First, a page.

• After the typically Star Wars offbeat gag of the droid coming out we get to see two Jedi in their prime kicking ass. It’s also a great visual introduction to them, showing us the Force, their ability to block blaster bolts, and how lightsabers can cut through walls. Instant exposition!
  • The conversations between Qui-Gon and Obi-Wan are such fun, with Qui-Gon’s brashness and Obi-Wan’s chastising despite being the apprentice.
  • One of the biggest flaws of this movie is its unconnectedness. Scenes seem to just happen and characters say things without much cause and effect (ie: Panaka’s “I don’t think this is a good idea” and Qui-Gon’s “You must trust my judgment” has them carry on to Tatooine without issue).
  • Argh, Anakin’s introduction to Padmé shows the issue with telling instead of showing. Anakin tells Padmé he’s gonna leave this planet. In A New Hope we see Luke Skywalker longingly watching the binary sunset. We feel Luke’s want, but are told about Anakin’s.
  • “The Queen’s wardrobe maybe…” Gotta love Obi-Wan’s dry humor.
  • And with Shimi’s introduction The Phantom Menace already has more speaking female characters in its first forty minutes than all of the Original Trilogy (Captain Madakor in the beginning, Padmé, Sabé, Jira the saleswoman, and Shimi vs Leia, Beru, Toryn Farr, and Mon Mothma).
  • The lack of music for most of the Podrace is striking; the engines make their own soundtrack.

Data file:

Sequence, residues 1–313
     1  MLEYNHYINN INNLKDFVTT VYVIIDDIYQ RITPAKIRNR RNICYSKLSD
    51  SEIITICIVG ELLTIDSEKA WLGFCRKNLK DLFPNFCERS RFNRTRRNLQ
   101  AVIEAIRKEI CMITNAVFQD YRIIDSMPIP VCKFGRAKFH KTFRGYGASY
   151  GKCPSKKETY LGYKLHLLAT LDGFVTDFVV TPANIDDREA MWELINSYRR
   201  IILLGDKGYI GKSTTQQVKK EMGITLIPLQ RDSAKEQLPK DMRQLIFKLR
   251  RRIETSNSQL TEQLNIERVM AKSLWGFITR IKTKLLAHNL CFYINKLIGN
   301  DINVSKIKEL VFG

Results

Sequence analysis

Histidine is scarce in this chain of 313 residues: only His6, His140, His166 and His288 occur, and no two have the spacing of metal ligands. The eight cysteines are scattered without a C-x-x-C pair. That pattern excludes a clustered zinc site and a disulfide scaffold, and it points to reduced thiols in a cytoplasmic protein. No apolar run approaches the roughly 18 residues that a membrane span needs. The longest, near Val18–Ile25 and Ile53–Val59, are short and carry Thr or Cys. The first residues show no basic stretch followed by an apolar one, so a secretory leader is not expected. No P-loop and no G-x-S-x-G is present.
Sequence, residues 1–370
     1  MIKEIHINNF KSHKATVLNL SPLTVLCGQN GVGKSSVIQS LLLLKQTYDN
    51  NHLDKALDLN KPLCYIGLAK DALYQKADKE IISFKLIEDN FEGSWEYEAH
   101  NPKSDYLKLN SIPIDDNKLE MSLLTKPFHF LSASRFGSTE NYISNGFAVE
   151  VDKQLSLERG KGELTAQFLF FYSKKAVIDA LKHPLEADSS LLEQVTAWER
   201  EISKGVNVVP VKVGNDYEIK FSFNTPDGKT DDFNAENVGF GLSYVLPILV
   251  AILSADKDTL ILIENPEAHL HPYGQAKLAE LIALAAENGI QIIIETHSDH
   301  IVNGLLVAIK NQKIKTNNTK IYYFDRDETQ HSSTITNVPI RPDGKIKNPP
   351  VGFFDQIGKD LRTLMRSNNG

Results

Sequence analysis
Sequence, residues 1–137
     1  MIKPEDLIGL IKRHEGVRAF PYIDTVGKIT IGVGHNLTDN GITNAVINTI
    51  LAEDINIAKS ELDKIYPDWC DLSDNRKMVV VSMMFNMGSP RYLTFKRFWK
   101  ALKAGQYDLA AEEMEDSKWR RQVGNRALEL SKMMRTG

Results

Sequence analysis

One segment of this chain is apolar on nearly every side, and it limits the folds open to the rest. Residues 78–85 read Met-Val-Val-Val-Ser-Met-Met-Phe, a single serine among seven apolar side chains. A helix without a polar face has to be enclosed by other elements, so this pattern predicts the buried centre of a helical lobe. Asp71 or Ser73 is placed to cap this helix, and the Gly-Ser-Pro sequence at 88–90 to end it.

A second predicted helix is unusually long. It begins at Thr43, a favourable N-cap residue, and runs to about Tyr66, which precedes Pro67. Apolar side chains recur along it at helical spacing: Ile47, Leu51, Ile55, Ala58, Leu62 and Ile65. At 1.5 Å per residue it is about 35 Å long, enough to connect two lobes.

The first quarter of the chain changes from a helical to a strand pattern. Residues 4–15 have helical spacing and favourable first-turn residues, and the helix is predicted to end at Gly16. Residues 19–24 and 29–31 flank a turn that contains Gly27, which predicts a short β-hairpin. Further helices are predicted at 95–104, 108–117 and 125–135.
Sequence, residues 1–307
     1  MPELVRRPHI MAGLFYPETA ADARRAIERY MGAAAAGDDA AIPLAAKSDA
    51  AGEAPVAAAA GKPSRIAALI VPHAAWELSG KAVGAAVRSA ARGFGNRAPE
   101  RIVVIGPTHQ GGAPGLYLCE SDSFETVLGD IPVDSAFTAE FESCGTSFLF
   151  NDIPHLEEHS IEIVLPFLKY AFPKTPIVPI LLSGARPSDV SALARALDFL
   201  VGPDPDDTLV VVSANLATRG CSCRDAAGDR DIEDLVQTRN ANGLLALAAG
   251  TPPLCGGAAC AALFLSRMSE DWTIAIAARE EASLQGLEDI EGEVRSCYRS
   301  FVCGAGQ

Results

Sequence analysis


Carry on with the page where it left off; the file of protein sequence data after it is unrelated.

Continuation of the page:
• Anakin having to leave home would have meant so much if we actually gave a crap.
  • When the vote of no confidence is called, Chancellor Valorum sits down out of the light and into shadow. Gorgeous visually.
  • There are still moments in the movie that are just so cool, like all the Battle Droids unfolding as the Trade Federation theme plays.
  • AND DARTH MAUL. AND DUEL OF THE FATES.
  • Seriously though, the lightsaber fight in Menace is one of the coolest things in the Star Wars movies, period. It’s so cool you don’t really care about the lack of narrative purpose. Plus, each combatant’s fighting style reveals character, another cool touch. Its effective, wordless, visual storytelling makes the Gungans & droids, space battle, and palace raid feel clunky.
  • Obi-Wan vs Darth Maul is such a great duel.

Whenever I watched Attack Of The Clones as a kid I’d always fast forward through the romance between Anakin and Padmé, preferring to stick with Obi-Wan’s more interesting plot. Which kinda made sense given how crappy theses scenes are as an adult. That said, Across The Stars is a magnificent piece of music.

  • And within its first three minutes Clones does what the Originals never did: pass the bechdel test.
  • Obi-Wan at the bar with the deathstick pusher is a wonderfully funny gag.
  • Anakin and Padmé striking off together should be fun, flirty adventure, but it’s played so darn drily and self-serious.
  • Anakin is so friggin creepy in his romancing.
  • Obi-Wan’s plot is actually engrossing, which makes the stagnancy of Anakin/Padmé so frustrating.